I’ve been using Backbone.js and jQuery quite extensively for the past year or so and I’ve only recently gotten back into AS3 dev. And I’ve never actually ever used any MVC framework in AS3/Flex, so I wanted to take a quick break away from my AS3 game engine series to have fun and mess around with MVC in AS3. As I didn’t want to stray too far from my game engine, I decided I wanted to whip up some base Model/View/Controller classes, and then extend those to an EnemyModel/EnemyView/EnemyController class. The reason this is in “AS3 Experiments” is because this isn’t just straightforward MVC. I’ve added an expandable Model. Imagine you’re loading in JSON from a file or endpoint and you pass the data straight in to the Model’s constructor or some “setPropertiesFromJSON()” type function. I wanted to play around with the idea of, “what happens if that JSON file has properties inside that you don’t have hardcoded class variables for?” In JavaScript, this wouldn’t even be a conversation. But in AS3, while you do have Dynamic classes, I didn’t want to go that route. So, as we’ll see, if the model doesn’t find the specific class property you’re trying to set, it saves the data anyways in an _attributes Object so you don’t lose it. More on that later. So, I’ve been reading through Rex van der Spuy’s book, AdvancED Game Design with Flash and right from the start, the book just jumps right into MVC… fantastic! I’ve found it’s tough to find “advanced” books and especially “advanced” tutorials online, so this book was very refreshing. There are no sections titled “Data Types in AS3”, or “What is a Function?” I’m really enjoying this book. In the online tutorial front, I came across a couple good sites worth mentioning […]

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AS3 Mask Example

I was tasked recently with adding a way to scroll clickable buttons inside of a fixed-height UI panel for a new release of StrataLogica. I haven’t dealt much with masking in AS3 so I thought I’d post a quick example of how masking works. The idea is that you’ve got an area for buttons ( content items/whatever ), and that sometimes this area of buttons exceeds the height of the area the content must fit into. So you need some way to scroll these buttons up and down. The biggest, most irritating thing I ran into, and that you may run into when trying to figure out masking is: empty Sprites/MovieClips will always default to a height/width of ZERO. Keep this in mind and we’ll return to it towards the end of the post. Lets look at a visual representation of what we’re trying to accomplish. In the image, the container holding the buttons is 170px high but we only have 100px worth of area where we can display the button list. If we create a 100px high mask and apply it to the button container, it will hide everything that is not inside of those 100px. Then, simply adding some scroll up/down buttons, we can move the button container up or down (the mask does not move once set) and it looks like we’re scrolling our list of buttons. Read on to see the code and example FLA/SWF/ZIP

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Geolocation Gotcha

I’ve been working on an Air for Android app for the past month or so and I’ve been finding some significant little holes in the current version of the Air/Android SDK. I’ll start with the latest fist-shaking issue I’ve come across. The Geolocation class, only supported on Mobile applications, is a small, straightforward class with a quirk or two up it’s sleeve.  The following code example snippet comes from Adobe’s livedocs for the class (slightly modified): 1 2 3 4 5 6 7 8 9 10 if (Geolocation.isSupported) { geo = new Geolocation(); geo.setRequestedUpdateInterval(100); geo.addEventListener(GeolocationEvent.UPDATE, geolocationUpdateHandler); } else { trace( "No geolocation support." ); } This is a pretty straightforward way to use the Geolocation class. Check to see if Geolocation is supported on the mobile device, if it is, create a new Geolocation instance, set the interval of how long you want it to check the GPS sensors and update your GPS coordinates (every 100ms in this example), and add an event listener/handler function listening for when those coordinates have been updated. The problem here is: What happens when you have a mobile device that HAS gps capabilities, but the user has disabled the GPS for privacy/security reasons? Geolocation.isSupported returns TRUE because the phone does in fact have Geolocation capabilities. But your code will never reach the geolocationUpdateHandler function because the user has disabled GPS Geolocation. You will not receive an error, you will not hear a peep from your app, you will not pass Go and you most certainly will not collect anything near $200. There is one more significant check we need to do that should have been added to Adobe’s example to make it complete. 1 2 3 4 5 6 7 8 9 10 11 12 13 14 15 16 17 18 19   if (Geolocation.isSupported) […]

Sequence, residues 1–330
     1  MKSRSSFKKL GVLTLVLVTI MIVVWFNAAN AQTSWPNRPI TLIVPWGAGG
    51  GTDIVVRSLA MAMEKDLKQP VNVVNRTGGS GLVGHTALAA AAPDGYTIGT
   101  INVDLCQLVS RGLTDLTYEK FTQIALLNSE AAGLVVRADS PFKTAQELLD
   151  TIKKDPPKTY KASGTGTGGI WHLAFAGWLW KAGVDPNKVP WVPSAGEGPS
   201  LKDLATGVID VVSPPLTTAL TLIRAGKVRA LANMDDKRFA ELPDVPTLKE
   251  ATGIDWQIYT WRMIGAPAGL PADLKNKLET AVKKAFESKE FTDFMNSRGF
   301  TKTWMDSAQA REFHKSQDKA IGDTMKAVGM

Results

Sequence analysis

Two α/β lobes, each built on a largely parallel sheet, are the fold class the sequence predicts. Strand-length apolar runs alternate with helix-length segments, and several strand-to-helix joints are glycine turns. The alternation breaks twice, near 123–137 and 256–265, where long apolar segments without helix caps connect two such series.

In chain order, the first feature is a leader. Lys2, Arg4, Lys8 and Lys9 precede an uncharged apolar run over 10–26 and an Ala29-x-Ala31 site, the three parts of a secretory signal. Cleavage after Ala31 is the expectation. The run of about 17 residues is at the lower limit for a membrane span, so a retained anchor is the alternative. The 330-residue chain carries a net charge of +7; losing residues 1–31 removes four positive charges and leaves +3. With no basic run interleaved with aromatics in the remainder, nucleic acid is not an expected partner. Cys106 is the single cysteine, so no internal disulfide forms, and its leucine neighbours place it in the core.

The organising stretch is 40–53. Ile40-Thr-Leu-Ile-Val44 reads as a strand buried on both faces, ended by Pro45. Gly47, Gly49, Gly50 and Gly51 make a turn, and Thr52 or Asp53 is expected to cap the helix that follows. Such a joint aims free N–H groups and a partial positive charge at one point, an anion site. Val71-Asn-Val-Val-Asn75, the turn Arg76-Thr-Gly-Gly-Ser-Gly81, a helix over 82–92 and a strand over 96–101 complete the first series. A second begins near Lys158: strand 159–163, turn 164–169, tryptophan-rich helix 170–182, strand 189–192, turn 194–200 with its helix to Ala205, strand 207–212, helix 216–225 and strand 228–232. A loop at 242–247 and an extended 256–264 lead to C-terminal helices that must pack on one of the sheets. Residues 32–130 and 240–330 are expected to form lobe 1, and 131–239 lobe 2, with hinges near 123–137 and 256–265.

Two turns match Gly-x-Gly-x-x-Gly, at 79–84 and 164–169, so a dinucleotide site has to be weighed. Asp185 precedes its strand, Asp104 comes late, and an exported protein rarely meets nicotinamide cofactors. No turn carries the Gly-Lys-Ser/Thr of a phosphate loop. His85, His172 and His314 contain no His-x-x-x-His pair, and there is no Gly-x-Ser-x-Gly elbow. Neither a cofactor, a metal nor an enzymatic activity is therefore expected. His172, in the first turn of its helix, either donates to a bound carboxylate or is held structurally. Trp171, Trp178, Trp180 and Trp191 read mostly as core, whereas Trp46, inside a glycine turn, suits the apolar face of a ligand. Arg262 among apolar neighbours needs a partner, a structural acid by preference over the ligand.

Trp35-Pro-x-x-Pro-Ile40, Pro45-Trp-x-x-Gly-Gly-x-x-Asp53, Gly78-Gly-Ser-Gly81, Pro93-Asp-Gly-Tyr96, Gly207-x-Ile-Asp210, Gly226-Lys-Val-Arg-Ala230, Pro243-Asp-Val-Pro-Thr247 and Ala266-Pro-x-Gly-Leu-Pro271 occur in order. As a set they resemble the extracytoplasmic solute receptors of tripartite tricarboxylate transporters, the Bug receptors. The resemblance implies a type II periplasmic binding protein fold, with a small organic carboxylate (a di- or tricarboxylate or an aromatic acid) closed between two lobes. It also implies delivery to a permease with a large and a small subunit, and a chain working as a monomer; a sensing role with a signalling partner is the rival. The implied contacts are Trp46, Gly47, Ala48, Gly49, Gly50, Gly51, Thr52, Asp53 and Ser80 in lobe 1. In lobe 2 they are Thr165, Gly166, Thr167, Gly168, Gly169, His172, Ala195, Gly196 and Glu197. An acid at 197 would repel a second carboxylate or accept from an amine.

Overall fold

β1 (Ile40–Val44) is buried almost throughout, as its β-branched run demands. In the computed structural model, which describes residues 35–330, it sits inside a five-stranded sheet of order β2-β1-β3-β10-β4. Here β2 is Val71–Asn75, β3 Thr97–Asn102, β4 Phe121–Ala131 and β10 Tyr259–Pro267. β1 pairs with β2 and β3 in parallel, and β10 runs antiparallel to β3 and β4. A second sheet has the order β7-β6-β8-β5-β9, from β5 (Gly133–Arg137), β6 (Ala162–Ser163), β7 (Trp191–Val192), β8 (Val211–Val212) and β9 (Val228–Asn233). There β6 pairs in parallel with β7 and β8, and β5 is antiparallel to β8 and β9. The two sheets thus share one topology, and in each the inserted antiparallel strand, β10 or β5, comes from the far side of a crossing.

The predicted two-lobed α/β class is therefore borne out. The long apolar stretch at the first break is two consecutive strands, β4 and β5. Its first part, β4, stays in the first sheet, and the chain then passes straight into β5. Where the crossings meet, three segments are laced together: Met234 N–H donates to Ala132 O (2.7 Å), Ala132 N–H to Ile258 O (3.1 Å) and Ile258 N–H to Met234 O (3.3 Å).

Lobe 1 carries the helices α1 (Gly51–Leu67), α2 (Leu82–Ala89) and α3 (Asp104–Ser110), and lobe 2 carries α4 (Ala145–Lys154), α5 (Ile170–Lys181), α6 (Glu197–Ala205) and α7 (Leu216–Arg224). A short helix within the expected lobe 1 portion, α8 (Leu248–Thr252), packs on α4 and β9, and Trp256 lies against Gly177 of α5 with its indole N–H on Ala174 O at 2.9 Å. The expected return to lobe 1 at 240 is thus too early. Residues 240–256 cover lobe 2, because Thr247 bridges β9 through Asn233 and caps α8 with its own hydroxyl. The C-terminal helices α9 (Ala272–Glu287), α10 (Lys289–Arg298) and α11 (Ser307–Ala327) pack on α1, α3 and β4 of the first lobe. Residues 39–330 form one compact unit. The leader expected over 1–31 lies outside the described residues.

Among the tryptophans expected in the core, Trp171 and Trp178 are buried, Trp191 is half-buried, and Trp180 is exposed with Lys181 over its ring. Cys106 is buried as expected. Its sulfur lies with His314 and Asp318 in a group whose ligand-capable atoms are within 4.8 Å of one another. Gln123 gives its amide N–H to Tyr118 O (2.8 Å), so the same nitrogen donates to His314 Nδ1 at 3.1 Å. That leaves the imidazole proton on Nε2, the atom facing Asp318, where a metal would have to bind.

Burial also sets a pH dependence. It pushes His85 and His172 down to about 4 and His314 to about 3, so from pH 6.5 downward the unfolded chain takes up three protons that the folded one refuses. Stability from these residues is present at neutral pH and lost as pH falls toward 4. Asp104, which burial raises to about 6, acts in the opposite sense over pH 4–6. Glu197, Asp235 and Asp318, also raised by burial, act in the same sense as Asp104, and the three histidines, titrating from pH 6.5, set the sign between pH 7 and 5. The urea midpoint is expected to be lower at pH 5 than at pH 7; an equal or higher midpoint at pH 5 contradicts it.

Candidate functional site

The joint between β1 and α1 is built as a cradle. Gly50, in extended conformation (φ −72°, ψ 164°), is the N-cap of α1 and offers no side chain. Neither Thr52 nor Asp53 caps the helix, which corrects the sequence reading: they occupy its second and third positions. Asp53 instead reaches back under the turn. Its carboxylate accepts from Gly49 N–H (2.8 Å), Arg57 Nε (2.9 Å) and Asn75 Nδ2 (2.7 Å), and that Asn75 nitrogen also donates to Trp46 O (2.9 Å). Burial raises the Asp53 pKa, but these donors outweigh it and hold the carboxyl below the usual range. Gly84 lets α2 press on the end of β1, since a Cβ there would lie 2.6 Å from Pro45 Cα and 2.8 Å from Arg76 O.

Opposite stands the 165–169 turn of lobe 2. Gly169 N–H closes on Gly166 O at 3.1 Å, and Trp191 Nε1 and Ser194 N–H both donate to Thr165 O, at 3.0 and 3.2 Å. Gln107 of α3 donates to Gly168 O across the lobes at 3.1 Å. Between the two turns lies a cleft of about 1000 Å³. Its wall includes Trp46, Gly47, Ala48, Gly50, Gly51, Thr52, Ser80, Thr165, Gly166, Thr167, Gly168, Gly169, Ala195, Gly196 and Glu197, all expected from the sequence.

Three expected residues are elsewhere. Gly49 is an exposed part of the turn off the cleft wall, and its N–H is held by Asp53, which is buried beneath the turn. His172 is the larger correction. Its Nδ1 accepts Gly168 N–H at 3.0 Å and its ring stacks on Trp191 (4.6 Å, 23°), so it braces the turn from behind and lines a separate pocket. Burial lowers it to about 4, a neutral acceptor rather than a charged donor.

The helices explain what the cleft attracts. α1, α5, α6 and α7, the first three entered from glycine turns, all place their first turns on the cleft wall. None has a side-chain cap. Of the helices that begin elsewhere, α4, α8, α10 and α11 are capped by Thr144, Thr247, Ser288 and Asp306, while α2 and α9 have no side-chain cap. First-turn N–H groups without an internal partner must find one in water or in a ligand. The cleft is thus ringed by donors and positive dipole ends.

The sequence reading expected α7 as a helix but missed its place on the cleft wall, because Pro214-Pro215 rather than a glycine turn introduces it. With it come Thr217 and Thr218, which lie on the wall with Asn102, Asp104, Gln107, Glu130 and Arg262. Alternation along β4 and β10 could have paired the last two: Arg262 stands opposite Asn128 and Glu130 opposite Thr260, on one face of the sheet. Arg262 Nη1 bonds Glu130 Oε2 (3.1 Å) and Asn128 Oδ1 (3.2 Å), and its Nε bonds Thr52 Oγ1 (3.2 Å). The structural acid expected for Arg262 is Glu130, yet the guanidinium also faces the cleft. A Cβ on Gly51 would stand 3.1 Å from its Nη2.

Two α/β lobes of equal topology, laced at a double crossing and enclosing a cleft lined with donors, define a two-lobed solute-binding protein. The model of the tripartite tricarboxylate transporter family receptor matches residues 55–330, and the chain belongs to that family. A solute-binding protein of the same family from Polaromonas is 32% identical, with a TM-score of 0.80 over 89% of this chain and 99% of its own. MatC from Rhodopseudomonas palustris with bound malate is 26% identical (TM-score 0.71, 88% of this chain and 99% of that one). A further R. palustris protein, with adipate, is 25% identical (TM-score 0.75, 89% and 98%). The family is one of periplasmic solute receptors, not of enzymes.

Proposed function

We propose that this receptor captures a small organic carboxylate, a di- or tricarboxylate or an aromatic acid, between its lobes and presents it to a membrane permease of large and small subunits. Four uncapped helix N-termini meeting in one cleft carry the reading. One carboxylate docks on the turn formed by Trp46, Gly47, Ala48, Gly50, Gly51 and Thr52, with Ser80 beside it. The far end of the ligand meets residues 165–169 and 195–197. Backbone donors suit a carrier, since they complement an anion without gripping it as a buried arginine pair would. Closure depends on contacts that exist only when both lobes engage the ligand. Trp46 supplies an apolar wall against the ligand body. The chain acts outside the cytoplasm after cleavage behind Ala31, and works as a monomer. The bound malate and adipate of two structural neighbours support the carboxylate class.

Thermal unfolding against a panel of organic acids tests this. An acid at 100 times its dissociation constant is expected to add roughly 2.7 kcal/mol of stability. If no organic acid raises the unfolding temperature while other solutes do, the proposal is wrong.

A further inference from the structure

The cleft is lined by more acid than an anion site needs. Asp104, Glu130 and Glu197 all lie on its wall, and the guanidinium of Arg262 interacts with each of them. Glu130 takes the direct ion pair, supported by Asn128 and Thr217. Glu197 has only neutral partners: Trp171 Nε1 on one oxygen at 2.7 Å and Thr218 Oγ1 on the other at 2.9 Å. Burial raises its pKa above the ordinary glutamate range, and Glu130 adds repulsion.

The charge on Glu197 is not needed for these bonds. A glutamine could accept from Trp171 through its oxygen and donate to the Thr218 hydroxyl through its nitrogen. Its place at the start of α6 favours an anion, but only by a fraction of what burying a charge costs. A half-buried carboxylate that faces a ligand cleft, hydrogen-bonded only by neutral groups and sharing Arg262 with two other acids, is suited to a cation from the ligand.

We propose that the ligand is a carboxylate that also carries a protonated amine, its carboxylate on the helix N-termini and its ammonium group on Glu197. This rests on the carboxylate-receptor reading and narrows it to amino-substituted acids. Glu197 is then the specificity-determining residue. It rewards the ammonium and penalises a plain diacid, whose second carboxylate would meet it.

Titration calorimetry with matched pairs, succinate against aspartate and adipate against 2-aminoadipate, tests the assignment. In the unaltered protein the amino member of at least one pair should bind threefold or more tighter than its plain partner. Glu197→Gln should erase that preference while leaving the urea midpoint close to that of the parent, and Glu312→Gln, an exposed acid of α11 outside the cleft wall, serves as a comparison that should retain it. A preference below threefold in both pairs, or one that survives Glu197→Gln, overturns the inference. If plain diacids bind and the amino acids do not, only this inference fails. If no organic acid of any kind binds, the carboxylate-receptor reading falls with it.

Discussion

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Air, Android, and cookies

What: In using an Android app, I need to send an authentication request (username/password) to the server and the server needs to send me back a cookie.  We all know how you would use JavaScript to grab cookie/session data and then you could send it right into flash. Problem: How or where would you find cookie being sent to you in your Air/Android app that uses no browser? Solution:  Headers can be found in the HTTPStatusEvent object!  Hurray!  It took me way too long to find the answer to this issue.  Everyone on google is happy to tell you “Hey there’s a manageCookies setting on the URLRequest object!”  Great, how do you find the damn headers?  In fact, as you’ll see in the following code, you dont even need to mess with that manageCookies setting.  I set it to true and got headers.  I set it to false and god headers.  I didn’t include it at all and got headers.  Sweet.

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Image GPS Extractor Android App

I just wrapped up my first little Android App using Adobe AIR.  As far as development goes, that was one of the smoothest experiences I’ve ever had. I’m currently developing a mobile app for a project at work.  I’ve never created a mobile app before, and the project app is going to take a few weeks of solid work to complete.  I wanted to see the whole process from dev to release of a mobile app much sooner…. like, now.  So Friday I started writing classes and code that I’m going to need for the project at work, and that I could pull out of the project and use in a small tutorial project that I’m posting here.